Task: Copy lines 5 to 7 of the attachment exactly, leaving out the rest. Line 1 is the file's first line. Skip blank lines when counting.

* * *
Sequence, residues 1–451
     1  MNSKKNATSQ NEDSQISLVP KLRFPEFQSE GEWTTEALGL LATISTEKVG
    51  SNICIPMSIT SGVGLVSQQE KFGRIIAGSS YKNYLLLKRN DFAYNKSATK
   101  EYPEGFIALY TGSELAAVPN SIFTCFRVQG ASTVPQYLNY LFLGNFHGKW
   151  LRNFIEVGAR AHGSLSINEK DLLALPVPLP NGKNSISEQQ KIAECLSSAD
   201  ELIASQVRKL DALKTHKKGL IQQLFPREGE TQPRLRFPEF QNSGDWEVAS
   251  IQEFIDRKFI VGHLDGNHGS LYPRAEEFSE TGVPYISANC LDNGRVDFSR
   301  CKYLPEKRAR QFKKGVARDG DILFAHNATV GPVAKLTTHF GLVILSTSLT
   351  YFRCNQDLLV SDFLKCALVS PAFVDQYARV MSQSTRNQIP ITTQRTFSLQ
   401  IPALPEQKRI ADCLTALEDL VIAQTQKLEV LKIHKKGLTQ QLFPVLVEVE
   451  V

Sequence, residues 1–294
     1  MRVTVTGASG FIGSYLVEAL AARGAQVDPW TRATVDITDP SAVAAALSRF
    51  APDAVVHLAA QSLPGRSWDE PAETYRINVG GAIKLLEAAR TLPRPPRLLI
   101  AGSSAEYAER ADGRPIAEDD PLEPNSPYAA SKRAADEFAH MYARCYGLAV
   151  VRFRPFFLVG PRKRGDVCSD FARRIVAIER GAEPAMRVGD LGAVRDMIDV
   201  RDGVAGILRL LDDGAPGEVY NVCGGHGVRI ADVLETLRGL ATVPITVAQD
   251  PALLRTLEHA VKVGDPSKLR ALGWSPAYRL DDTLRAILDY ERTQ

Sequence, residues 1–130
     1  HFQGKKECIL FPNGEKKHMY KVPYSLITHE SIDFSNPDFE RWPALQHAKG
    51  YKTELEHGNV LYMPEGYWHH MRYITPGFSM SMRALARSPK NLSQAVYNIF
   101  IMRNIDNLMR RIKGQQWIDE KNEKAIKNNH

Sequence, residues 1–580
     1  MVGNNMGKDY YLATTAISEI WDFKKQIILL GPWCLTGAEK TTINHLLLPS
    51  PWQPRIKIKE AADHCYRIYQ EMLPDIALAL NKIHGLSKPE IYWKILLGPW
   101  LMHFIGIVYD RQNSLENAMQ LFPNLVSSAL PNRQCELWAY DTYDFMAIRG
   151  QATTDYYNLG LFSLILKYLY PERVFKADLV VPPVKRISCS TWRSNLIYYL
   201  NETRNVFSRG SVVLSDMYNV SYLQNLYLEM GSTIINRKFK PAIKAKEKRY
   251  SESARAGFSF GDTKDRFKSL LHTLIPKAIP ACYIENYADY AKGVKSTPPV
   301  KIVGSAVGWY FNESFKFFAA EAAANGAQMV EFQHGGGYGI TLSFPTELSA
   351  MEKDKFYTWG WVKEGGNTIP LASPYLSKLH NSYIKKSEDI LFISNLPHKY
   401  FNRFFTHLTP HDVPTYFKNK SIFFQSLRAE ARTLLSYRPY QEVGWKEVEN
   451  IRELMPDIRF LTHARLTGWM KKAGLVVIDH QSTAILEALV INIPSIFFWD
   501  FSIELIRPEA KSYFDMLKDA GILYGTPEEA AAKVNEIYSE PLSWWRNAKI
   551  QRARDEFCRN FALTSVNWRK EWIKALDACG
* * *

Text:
   151  LRNFIEVGAR AHGSLSINEK DLLALPVPLP NGKNSISEQQ KIAECLSSAD
   201  ELIASQVRKL DALKTHKKGL IQQLFPREGE TQPRLRFPEF QNSGDWEVAS
   251  IQEFIDRKFI VGHLDGNHGS LYPRAEEFSE TGVPYISANC LDNGRVDFSR